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Book Review: 100 Days of Sunlight by Abbie Emmons

Hi Readers & Friends,

A strange sort of review today - I just couldn't make my mind up! In the end, I gave this book 3.5 stars. (4 on GoodReads.) It was very kindly signed and sent to me by Abbie herself, and when I saw it on Amazon best-sellers list I realised it was exactly the sort of book I needed as a pick-me-up and pulled it out of my TBR pile sharpish!

It has a wonderful, beautiful storyline. Tessa is a teenage girl who, after a terrible car crash, finds herself blind. Doctors tell her she will heal in a minimum of 12 weeks, but for a quarter of a year she is totally blind. She's a poet and blogger, and a boy called Weston answers a newspaper ad to help her continue to write while she can't see. Tessa doesn't know that Weston is handicapped, an amputee from an accident when he was 12. He loves that she doesn't know, and that she essentially treats him like garbage at the start. And then... well... you can see where this is going, can't you?

This was the main problem for me, and the only reason I couldn't give it a 5-star rating. Obviously this is a personal choice, because this wouldn't bother some people at all, but there was no huge conflict/resolution part of the storyline, it was a very even, consistent plot and you always knew what was going to happen. You knew from the start she was going to get her vision back eventually, because they tell you. So there's no big reveal about that.
And you know they're going to fall in love because, well, it's YA so of course they will. Plus, the blurb tells you they do. And you know that Tessa isn't going to care that Weston has no legs, because who on earth would write an entire book about two people falling in love only for one to end up being so shallow she leaves when she realises the other one is disabled? You see what I'm saying?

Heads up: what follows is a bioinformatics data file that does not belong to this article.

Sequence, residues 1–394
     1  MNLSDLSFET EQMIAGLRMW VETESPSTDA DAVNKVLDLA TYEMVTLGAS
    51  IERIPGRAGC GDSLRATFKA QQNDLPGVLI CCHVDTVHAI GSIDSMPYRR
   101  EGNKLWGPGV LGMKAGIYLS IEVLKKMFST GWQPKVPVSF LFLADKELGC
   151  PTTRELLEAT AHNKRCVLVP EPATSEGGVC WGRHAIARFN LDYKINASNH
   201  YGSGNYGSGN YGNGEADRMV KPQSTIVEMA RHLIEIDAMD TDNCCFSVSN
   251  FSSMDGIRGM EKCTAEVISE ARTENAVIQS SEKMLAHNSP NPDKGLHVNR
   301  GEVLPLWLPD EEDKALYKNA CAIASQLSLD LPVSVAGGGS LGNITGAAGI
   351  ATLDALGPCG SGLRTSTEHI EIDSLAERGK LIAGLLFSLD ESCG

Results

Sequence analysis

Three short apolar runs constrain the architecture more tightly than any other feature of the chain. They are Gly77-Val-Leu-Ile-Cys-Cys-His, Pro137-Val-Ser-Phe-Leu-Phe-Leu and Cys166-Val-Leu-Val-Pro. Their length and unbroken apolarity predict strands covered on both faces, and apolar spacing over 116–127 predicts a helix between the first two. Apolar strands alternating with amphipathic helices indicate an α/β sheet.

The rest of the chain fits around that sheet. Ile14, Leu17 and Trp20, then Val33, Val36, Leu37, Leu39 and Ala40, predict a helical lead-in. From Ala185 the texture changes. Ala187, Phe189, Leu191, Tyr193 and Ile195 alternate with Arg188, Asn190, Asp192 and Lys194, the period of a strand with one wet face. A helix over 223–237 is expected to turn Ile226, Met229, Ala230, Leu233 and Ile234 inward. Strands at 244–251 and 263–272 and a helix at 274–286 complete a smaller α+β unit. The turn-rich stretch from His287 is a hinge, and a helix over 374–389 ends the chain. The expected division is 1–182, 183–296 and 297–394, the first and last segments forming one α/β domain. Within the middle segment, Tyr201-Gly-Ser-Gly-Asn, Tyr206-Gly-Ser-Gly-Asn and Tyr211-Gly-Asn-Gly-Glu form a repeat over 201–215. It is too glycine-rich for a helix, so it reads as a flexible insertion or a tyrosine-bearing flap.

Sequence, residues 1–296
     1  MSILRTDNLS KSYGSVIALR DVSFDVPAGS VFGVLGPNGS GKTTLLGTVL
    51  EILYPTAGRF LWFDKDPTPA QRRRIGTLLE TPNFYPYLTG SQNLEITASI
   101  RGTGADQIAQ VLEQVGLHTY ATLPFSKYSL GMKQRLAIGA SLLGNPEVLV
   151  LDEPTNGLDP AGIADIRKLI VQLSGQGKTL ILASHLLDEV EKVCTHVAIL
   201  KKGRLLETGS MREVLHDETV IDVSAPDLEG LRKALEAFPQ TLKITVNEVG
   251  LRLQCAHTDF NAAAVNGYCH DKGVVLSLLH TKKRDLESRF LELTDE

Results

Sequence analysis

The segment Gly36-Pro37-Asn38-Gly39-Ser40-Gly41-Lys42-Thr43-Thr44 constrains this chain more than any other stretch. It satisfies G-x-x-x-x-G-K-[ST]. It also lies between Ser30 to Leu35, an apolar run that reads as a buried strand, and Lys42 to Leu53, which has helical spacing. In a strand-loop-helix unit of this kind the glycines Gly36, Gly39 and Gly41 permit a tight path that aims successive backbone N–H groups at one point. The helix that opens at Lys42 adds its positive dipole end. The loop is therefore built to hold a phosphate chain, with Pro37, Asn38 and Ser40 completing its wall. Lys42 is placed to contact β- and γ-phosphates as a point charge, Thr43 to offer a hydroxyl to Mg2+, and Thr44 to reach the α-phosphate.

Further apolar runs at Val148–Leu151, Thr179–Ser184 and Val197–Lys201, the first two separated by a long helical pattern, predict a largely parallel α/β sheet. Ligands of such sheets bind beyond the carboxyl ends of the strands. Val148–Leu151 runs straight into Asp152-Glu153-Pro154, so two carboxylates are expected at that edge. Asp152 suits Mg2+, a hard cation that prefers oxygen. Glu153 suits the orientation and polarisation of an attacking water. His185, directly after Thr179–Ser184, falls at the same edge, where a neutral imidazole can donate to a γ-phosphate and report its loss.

The book is very predictable and without twists and turns, so there wasn't much hook or grip for me. ALL THAT SAID, it was a really lovely story, and I ate through it pretty quickly. Both characters were extremely strong, 3-dimensional and interesting. Weston's story in particular was super inspiring and his personality the entire way through was something I think I'll always remember and look back on - I think everyone could do with being a little bit more like Weston in their everyday lives. He reminds us to always be the best we can be and to work hard and look on the bright side. His best friend Rudy was also really well-written and I had a definite soft spot in my heart from him, and their friendship.

It was very heart-string-pulling, emotional and inspiring. I actually think Weston may be one of my favourite characters I've ever read in my life. He was so funny and just his outlook and optimism was such a joy to read. I've never read anything like him before, I could have had a whole book on just his thoughts and opinions!

For me, I think the only thing that would have pulled this book up another star would have been a dramatic or climactic moment. Perhaps  Tessa thinking she would never get her sight back and then suddenly getting it back would have been better than always knowing that after 3 months it would return. This would have made her depressive outlook a little more easy to swallow as well, a couple of times I wanted to shake her and say 'buck up, it's only three months!'

All in all it was a memorable read, I'd recommend everyone give it a go if they want a quick and easy pick-me-up.
(Ps. I hope they make it into a movie, that would be amazing!)

Love, C x


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